By State Representative, Leon D. Young
The clock is ticking, and time is running out if Republicans are to be successful in ramming through their major overhaul of the federal tax code before the end of the year. After much delay, and shrouded in secrecy, House Republicans finally unveiled its massive tax reform package last Thursday.
House Ways and Means Committee Chair Kevin Brady, the author of the tax bill, indicated that the House should pass the plan by Thanksgiving. And, according to Brady, the bill would add $1.51 trillion to the federal deficit over the next 10 years. It should be noted that the reconciliation framework in the recently passed budget resolution allows for the bill to add $1.5 trillion to the deficit over 10 years.
Brady, House Speaker Paul Ryan, and other House GOP leaders touted the bill in a press conference on Thursday and argued it would save the average family of four $1,182 a year on their taxes. Here are some of the legislation’s key proposals:
• The highest tax bracket would remain at 39.6%: According to reports, the plan would propose a fourth marginal tax bracket on high-income earners. It will reportedly apply to married couples making more than $1 million a year.
• New individual tax brackets:
o 12%: Applies to incomes up to $45,000 for an individual and $90,000 for a married couple.
o 25%: Applies to incomes up to $200,000 for and individual and $260,000 for couples.
o 35%: Applies to incomes up to $500,000 for an individual and $1 million for couples.
o For single parents that are heads of households, the thresholds would be the midpoint between individuals and joint filers, expect for the highest bracket which would still kick in at $500,000.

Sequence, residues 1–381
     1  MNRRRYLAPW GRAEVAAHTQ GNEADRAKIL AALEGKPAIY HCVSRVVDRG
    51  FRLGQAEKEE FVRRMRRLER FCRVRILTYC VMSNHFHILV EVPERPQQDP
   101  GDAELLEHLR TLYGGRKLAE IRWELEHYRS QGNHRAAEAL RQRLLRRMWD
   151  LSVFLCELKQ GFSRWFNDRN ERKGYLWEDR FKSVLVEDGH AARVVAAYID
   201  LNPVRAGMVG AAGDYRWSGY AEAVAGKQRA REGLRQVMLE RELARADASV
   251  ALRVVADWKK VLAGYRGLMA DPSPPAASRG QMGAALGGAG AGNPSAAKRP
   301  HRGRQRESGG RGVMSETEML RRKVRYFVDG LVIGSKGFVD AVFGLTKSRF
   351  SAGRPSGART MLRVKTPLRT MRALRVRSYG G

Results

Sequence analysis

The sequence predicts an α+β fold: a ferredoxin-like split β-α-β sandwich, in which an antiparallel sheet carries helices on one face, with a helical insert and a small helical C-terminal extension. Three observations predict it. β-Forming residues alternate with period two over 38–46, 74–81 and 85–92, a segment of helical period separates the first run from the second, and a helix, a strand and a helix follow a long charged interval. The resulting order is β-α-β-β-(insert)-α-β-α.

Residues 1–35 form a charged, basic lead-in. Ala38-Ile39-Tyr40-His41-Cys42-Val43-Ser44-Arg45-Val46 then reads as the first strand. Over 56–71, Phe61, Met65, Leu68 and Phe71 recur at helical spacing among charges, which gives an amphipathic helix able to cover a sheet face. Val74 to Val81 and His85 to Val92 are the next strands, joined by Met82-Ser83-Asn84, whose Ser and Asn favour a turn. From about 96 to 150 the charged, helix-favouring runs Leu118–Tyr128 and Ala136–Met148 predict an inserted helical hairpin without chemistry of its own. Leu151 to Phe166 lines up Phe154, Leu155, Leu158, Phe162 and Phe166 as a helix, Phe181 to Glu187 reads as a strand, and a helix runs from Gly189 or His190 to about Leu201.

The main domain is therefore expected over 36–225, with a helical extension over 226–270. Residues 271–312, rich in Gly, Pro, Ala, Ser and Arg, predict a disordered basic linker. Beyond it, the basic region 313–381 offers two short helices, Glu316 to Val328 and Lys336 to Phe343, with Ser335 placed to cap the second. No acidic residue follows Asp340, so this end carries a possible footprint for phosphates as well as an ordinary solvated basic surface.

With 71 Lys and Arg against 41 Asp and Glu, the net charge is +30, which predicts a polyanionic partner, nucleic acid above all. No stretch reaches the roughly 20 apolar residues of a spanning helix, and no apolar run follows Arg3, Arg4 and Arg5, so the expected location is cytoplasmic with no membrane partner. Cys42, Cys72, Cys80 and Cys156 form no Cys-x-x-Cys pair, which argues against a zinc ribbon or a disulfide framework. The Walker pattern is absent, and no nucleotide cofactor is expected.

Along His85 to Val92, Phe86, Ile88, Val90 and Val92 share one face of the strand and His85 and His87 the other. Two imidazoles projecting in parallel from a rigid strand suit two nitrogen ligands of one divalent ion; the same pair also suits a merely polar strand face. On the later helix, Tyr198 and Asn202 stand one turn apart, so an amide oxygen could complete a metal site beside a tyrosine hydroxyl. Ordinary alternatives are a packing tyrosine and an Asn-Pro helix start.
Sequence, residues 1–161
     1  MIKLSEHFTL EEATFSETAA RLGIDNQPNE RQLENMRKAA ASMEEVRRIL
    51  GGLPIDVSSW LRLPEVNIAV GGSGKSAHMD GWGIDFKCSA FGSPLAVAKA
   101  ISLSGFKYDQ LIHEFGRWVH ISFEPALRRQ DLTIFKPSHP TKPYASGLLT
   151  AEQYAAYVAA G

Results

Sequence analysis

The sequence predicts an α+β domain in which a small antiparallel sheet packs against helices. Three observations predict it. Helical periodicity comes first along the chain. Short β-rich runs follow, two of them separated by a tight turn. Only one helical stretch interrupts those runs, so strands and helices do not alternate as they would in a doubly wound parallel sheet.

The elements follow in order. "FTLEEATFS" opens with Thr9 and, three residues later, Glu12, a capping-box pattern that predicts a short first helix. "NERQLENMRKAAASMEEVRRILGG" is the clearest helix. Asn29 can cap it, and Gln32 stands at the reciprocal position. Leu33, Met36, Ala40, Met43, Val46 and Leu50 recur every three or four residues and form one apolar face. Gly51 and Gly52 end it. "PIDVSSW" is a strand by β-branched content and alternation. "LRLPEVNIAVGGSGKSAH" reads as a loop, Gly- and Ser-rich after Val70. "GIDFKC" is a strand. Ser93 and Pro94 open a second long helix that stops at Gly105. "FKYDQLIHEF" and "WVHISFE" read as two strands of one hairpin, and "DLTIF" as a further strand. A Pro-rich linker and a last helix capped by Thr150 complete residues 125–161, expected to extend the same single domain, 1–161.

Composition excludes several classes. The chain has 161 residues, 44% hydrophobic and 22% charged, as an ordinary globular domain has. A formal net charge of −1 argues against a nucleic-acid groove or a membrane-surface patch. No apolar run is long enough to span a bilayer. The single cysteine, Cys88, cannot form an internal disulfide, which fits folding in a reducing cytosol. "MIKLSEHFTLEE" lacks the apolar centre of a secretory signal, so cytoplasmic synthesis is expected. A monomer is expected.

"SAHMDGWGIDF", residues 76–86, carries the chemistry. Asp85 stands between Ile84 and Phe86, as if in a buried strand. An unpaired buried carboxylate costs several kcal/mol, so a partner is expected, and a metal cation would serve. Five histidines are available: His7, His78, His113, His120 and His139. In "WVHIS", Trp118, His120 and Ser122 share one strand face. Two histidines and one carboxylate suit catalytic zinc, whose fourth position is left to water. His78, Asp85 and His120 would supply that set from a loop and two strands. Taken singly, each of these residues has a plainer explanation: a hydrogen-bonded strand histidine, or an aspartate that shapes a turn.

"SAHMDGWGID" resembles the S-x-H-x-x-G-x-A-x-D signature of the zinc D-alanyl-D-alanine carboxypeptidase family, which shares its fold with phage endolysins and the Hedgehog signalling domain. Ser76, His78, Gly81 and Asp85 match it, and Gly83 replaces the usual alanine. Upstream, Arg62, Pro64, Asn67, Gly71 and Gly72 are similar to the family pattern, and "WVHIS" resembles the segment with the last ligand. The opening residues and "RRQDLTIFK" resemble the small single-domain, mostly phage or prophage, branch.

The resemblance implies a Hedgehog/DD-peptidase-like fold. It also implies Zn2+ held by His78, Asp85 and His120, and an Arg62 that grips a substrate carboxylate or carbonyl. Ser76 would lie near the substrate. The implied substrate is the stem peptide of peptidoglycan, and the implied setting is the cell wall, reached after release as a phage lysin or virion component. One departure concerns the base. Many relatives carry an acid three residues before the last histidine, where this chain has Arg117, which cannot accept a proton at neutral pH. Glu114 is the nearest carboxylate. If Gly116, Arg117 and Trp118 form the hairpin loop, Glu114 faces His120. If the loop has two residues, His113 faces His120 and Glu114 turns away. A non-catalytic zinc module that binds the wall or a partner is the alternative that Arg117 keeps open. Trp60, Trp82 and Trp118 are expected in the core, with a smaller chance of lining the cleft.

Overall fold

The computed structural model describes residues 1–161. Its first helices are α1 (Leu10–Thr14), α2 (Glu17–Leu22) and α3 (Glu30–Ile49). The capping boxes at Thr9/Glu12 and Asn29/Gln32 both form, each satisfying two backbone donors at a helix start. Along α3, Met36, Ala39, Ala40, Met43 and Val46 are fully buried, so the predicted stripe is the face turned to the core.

Not to be outdone, Senate Republicans also outlined their vision on Thursday for overhauling the tax code, proposing a one-year delay in President Trump’s top priority of cutting the corporate tax rate while reinstating some prized tax breaks used by middle-class families.
The Senate bill differs significantly from the House version approved by the Ways and Means committee on Thursday:
• It would preserve some popular tax breaks, including ones for mortgage interest and medical expenses, and would maintain a bottom tax rate of 10 percent for lower earners.
The disparate bills show the competing pressures that Republican lawmakers are facing and the calculations that Senate and House leaders are making to ensure passage of the bills through their respective chambers. While both bills share the main priorities of cutting corporate and individual taxes, they diverge on matters of high political sensitivity, particularly for vulnerable House Republicans from high-tax states and for Senate Republicans concerned about adding to the federal budget deficit.
Let’s give credit where credit is due: The tax reform bill that Senate Republicans revealed last week is less of an egregious giveaway to the very wealthy than what’s being concocted in the House of Representatives. Contrary to what some headlines have suggested, however, the biggest winner under the Senate’s plan is not the middle class. Far from it.
The legislation still favors the rich — particularly those who stand to benefit from corporate tax cuts — and millions of ordinary households either won’t get much in the bargain at all or will end up owing more to the IRS than they do now. However, in the final analysis, both plans are just the latest examples of the Trojan horse that Republicans are desperately trying to advance.